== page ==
Let’s begin with a test. How does this GIF make you feel?
And what about this one?
If you’re 95% of the Internet, the first one makes you happy, the kind of happiness that can only be equaled if you’re eating a giant cookie. But the second GIF, oh, that one makes you mad. Just look at Donald Glover, a.k.a. Childish Gambino, there, with his serious (angry?) face on. Which one is it, huh? Are you glad or grave?
Yesterday, Gambino released his second studio album, the aptly titled Because the Internet, as well as an accompanying screenplay that lines up with the record, like watching Oz the Great and Powerful while listening to Dark Side on the Moon. The reviews have been generally positive-ish (65/100 on Metacritic), but the hit jobs have hit hard. Here’s one from Consequence of Sound’s Philip Cosores.
But, for Gambino, there is only emptiness, and isolation, and really poor artistic decisions. We know Gambino can write decently; after all, people seem to like his episodes of 30 Rock. The script that accompanies this album is not half-baked, but it does oscillate between eye-roll inducing cliches and aggravating modern flares like using “smh” in a sentence that isn’t dialogue, or having Rick Ross play The Boy’s father, or even fucking naming a character “The Boy.” And, that’s only the first couple of pages. At the end of Camp, the album ends with this story about The Boy never growing up, remaining the child on the bus forever. Metaphorically. Here, in reality, Glover is acting like he never grew up as well, offering up some of the least mature writing choices imaginable, featuring tricks that only impress the easily impressed. Indeed, if Because the Internet was your introduction to rap music, it would probably be fascinating. So, this reveal, that everything has been in character, doesn’t make the immaturity of the music acceptable. It’s the artistic equivalent of throwing up a brick from the three-point line and goofily claiming, “I meant to miss.” (Via)
And Pitchfork’s infamous 1.6 smackdown of Gambino’s last album, Camp.
I mean, sub-major hip-hop isn’t a post-cred, post-racial utopia by any means, but I can’t think of another time when there were more options for listeners of just about any race or background seeking to identify with rappers on a non-allegorical level. I just have to assume Glover has completely ignored the success of Lil B, Main Attrakionz, Curren$y, Kendrick Lamar, Odd Future, Danny Brown, and especially Das Racist when he meekly moans, “Is there room in the game for a lame that rhymes/ And wears short shorts and tells jokes sometimes?” It’s the perfect summation of Camp: preposterously self-obsessed, but not the least bit self-aware. Tell me that ain’t insecure. (Via)
What connects these reviews, outside of HATE: authenticity, or lack there of, and no self-awareness. Not from the writers, but from, allegedly, Glover. He’s not a rapper; he’s a comedian who raps on the side, no different than Rodney Dangerfield’s Rappin’ Rodney. OK, maybe Glover gets a little more respect than that, but because he became a celebrity as, first, a writer for 30 Rock then a star on Community, not to mention his sketches with the otherwise exceedingly white Derrick Comedy, he’s a poseur, a word that ought to be banished from the English language. It can’t just be that Because the Internet is or isn’t bad (I happen to think it’s OK; it’s a good 45-minute album in a decent 57-minute package); it’s that it’s not real. Also, as Noisey concludes, it’s not cool.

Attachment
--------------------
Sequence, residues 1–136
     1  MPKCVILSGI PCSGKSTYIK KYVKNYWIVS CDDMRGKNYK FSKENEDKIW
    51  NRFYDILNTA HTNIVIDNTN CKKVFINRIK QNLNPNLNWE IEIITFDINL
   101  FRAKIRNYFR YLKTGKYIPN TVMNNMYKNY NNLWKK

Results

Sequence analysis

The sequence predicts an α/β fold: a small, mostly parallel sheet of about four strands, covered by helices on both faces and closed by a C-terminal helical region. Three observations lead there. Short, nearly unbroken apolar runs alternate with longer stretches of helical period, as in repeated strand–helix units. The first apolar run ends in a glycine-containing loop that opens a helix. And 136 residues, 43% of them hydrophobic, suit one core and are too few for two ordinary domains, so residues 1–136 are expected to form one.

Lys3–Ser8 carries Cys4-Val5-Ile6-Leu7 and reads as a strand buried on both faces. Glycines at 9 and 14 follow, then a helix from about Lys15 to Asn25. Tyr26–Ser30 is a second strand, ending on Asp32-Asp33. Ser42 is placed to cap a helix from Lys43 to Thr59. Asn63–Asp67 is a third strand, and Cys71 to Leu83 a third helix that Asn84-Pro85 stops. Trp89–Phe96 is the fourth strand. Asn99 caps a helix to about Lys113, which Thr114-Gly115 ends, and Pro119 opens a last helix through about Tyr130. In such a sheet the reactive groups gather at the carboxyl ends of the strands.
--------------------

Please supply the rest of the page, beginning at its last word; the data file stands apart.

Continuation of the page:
As silly as it sounds, Childish Gambino is not a cool thing to like. It’s easy to hate him before he opens his mouth. Because, come on, right? He wears thick glasses and makes puns. He has a smile that’s better than yours. Even though that Friends line is genuinely pretty funny—if Lil Wayne had said this, we’d all love it, crediting it for being both a clever and complicated line. But it’s not Lil Wayne. It’s Troy from Community. Nothing about his music has ever felt “real,” for the lack of a better term. He’s soft. He’s emo. He’s a dork. And what’s more, every insult thrown at Drake for his TMI-vibes over the past three years can be taken times about 100 in regards to Gambino. (Via)
The Drake comparison is an interesting one. Both he and Gambino are unlikely rappers: they were both actors before breaking into music, and they both go by stage names. (They also both require emotional validation.) But what separates the two, besides Drake being the better rapper and lyricist, is that only of them has the “hipster” label attached to him. There’s a perception out there that Gambino is trying so hard to seem effortlessly cool, as Noisey points out, that it comes across as pandering at best, ironic appropriation at worst. It’s rap music for people who otherwise don’t like rap music, or so the narrative goes, which then infects the general perception of the music itself. That’s when Childish Gambino becomes not a rapper, but someone to either rally for or against.
It’s (ironically) ironic then that one of the reasons why people dislike Gambino is exactly why they love Donald Glover. On Community, he’s an outsider, the jock-turned-skillfully handled “black nerd,” an archetype that didn’t really exist before he came along. That’s tolerated and beloved, though, because Troy’s so damn likable. He craves acceptance in a different way than Gambino: one smiles, the other sadly scowls. But maybe Glover’s not Troy, as so many people want him to be? Maybe he’s always been Gambino, and writing “Werewolf Bar Mitzvah” was just his way in. Problem is, now people just want to hear “Werewolf Bar Mitzvah” again.
(via Getty Image)